The Reserve Bank of India (RBI) has painted the picture of an economy where inflation
is rising – retail inflation
has gone up by around 2 percentage points since the Monetary Policy Committee’s last meeting – while growth is decelerating and is expected to slow down further. The combination of these two factors justify the RBI’s decision to hold back reduction in the repurchase rate – the rate at which the central bank infuses liquidity in the banking system – in the fourth bi-monthly monetary policy review on Wednesday. The RBI
has slashed its estimate of the full year (2017-18) growth rate of the gross value added to 6.7 per cent, as against 7.3 per cent earlier, and has revised the consumer price index (CPI)-based inflation
estimate from 4-4.5 per cent to 4.2-4.6 per cent for the second half of the financial year.
The latest monetary policy review came against the backdrop of hopes expressed by many in the government and industry that the RBI
would do its bit to boost economic growth, which has now decelerated for the last five quarters. Of particular worry is the 5.7 per cent growth of the gross domestic product in the first quarter of the current financial year. This means that when substantial parts of the global economy, both in the developed world as well as the emerging economies, are registering economic expansion, India’s economy seems to be slowing down. The US and the Euro Zone have expanded, so has the Japanese economy. China has received a boost from robust domestic demand while Brazil and Russia, too, have grown. The outlook for world trade in 2017 is also looking up, but India seems set to miss out on the global party in a stark turnaround from being the “only bright spot” in the global economy not so long ago.
To be sure, the RBI
is in a quandary. It is not clear whether the ongoing slowdown is a result of transient factors – be it demonetisation or the disruption due to the introduction of goods and services tax – or a manifestation of more long-term structural hurdles such as a banking system severely hampered by non-performing assets and an over-leveraged corporate sector. The RBI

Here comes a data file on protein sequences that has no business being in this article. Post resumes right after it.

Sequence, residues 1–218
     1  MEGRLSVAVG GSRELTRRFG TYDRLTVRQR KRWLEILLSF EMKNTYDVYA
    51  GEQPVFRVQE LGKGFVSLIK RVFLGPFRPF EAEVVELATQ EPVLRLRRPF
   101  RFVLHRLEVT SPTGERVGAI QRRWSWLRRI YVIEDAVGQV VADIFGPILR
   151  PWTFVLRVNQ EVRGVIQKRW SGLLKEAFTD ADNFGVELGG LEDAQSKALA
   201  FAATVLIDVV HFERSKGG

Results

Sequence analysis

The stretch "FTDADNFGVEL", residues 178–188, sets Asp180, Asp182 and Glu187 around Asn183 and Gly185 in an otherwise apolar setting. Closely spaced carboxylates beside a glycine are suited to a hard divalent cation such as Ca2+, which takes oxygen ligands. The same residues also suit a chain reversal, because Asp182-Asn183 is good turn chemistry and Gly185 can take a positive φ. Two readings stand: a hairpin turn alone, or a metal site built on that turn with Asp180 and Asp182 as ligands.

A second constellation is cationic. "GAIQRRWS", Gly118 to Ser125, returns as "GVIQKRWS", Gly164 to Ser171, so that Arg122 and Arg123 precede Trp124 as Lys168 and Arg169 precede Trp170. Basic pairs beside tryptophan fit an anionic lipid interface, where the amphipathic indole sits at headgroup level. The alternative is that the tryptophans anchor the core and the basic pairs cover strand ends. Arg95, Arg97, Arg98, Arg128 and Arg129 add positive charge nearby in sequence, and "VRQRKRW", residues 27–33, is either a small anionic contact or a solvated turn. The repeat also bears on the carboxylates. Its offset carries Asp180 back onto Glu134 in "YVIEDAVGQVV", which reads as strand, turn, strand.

has reiterated the need to revive sluggish private sector investment in order to provide a fillip to the economy as well as improve demand for overall credit. Also, in order to achieve the 6.7 per cent GVA growth for the while year, the RBI
expects the GVA to grow by 6.4 per cent in the second quarter, 7.1 per cent in the third quarter and 7.7 per cent in the fourth. While it is true that some sectors of the economy have indeed seen an uptick in demand in recent months, these projections might look too ambitious as of now. An optimistic scenario is that the festive spirit will lead to a spike in consumption, helped by the Pay Commission’s award, even as the teething troubles of GST implementation are taken care of.
However, with CPI
inflation, excluding food and fuel, jumping sharply in July and August, there is always a chance that such growth may accompany a higher cost of living, which is always a tricky issue, especially when governments enter the last lap of their political terms. The RBI
has reiterated that the government should focus on further reforms while improving the quality of its own spending and avoiding fiscal slippages. Over to the government.
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